Kids' Cancer Treatments May Cause Heart Trouble, Study Says
Changes in arteries seen while still in childhood
Sunday, November 17, 2013
The finding suggests doctors need to monitor these patients earlier, and manage their risk factors for heart diseases while they are still young.
"Research has shown childhood cancer survivors face heart and other health problems decades after treatment," study author Donald Dengel, a kinesiology professor at the University of Minnesota in Minneapolis, said in an American Heart Association news release. "But researchers had not, until now, looked at the heart health effects of childhood cancer treatment while survivors are still children."
The researchers assessed artery stiffness, thickness and function in more than 300 boys and girls, ages 9 to 18, who had survived at least five years since their diagnosis of leukemia or cancerous tumors. Arteries are blood vessels that take blood away from the heart.
These patients were compared with more than 200 siblings who did not have cancer.
The childhood cancer survivors were more likely to have a decline in arterial function that indicated premature heart disease, according to the study, scheduled for presentation Sunday at the annual meeting of the American Heart Association in Dallas.
The researchers also found that childhood leukemia survivors had a 9 percent decrease in arterial health after completing chemotherapy, compared to the children without cancer.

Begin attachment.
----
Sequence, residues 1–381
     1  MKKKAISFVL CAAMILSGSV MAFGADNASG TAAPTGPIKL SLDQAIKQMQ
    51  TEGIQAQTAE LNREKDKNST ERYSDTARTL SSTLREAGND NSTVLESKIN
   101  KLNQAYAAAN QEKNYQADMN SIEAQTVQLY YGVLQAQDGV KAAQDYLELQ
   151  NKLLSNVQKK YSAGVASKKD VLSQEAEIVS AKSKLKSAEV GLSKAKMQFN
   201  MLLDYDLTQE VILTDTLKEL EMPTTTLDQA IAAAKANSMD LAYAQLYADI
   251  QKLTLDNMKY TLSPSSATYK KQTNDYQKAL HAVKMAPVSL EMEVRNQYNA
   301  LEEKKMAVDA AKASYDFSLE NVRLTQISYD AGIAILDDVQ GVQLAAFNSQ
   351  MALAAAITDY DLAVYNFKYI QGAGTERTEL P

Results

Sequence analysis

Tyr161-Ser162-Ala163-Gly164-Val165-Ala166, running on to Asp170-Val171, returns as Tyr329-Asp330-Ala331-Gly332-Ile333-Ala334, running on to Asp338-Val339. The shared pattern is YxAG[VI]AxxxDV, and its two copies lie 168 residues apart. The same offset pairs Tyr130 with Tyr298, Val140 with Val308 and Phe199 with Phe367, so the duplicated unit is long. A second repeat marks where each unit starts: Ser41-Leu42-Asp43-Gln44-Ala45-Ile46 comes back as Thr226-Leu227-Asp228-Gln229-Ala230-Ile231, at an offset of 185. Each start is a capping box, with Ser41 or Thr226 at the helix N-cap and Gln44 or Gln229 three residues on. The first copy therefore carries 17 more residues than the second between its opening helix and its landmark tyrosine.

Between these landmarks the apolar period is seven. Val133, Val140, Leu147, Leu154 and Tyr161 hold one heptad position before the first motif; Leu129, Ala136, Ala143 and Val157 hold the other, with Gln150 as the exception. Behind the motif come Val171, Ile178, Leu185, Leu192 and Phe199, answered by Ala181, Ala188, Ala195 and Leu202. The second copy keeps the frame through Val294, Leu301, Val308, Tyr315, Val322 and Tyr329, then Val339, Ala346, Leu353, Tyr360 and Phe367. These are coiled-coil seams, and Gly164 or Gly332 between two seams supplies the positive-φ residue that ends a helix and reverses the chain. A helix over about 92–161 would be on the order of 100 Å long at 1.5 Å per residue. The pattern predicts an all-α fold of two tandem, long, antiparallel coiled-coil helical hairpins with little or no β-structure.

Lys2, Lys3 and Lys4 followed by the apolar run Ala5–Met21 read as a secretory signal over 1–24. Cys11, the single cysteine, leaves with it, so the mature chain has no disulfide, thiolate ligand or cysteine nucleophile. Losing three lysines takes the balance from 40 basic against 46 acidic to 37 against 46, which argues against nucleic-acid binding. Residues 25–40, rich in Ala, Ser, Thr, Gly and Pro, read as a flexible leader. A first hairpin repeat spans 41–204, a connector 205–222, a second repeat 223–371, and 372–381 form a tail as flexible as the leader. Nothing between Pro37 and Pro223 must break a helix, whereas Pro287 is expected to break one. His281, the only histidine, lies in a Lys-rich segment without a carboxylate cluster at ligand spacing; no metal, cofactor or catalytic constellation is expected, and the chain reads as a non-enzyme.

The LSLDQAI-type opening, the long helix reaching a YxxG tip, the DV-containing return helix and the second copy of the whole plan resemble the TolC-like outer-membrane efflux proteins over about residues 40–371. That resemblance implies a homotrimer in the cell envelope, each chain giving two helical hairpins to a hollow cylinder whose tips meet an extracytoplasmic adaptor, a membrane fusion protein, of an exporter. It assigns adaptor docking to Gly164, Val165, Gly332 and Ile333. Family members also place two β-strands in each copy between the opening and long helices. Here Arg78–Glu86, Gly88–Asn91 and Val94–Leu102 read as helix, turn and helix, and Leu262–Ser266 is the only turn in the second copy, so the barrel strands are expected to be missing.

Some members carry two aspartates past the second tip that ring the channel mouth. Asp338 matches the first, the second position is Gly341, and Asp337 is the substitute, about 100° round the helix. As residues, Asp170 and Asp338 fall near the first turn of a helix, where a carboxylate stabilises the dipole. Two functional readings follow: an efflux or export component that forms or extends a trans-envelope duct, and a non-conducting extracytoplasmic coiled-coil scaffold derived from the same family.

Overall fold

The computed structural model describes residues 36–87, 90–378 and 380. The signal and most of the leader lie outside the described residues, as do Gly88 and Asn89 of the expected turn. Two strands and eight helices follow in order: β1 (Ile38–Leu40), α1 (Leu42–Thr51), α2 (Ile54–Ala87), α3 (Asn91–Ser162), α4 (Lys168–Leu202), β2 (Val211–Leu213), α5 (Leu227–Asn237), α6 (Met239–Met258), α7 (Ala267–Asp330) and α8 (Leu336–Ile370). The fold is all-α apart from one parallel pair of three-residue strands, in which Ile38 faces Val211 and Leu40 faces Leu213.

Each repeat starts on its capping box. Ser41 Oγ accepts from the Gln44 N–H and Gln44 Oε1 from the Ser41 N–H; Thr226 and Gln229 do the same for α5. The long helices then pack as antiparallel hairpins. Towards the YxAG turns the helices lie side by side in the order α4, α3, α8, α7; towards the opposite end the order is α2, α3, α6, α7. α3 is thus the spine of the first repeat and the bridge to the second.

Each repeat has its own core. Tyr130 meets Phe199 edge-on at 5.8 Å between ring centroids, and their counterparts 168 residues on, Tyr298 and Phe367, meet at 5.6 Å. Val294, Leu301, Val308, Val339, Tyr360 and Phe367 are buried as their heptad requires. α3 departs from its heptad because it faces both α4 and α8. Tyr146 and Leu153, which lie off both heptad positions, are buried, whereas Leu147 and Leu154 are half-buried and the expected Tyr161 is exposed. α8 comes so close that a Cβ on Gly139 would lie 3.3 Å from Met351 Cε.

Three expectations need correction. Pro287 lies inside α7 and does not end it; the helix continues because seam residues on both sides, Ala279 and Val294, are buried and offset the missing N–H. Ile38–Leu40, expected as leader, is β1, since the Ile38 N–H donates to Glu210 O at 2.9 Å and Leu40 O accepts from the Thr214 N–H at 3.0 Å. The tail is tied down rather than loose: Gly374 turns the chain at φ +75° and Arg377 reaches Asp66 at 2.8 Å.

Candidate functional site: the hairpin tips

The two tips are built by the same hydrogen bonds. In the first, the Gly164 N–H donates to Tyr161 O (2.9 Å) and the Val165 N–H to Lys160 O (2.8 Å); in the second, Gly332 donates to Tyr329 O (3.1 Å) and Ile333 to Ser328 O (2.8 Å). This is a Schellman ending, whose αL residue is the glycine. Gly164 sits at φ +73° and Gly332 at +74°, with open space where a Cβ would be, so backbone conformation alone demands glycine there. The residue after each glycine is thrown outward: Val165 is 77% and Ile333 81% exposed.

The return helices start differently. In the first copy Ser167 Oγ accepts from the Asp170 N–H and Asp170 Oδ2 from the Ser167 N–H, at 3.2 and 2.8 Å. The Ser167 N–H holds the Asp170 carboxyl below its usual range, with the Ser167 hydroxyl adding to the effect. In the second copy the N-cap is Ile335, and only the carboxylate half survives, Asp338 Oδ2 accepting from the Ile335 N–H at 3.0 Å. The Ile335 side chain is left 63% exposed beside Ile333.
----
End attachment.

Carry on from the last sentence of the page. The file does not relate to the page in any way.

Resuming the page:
"Given this increased risk, children who survive cancer should make lifestyle changes to lower their cardiovascular risk," Dengel said. "Health care providers who are managing chemotherapy-treated childhood cancer survivors need to monitor cardiovascular risk factors immediately following the completion of their patients' cancer therapy."
The children in the study were predominantly white, so the findings might not apply to other racial and ethnic groups. In addition, the researchers were unable to link heart changes to any specific chemotherapy agent.
The five-year survival rate for childhood cancers in the United States increased from about 58 percent in 1975-77 to about 83 percent in 2003-09.
Data and conclusions presented at meetings are typically considered preliminary until published in a peer-reviewed medical journal.
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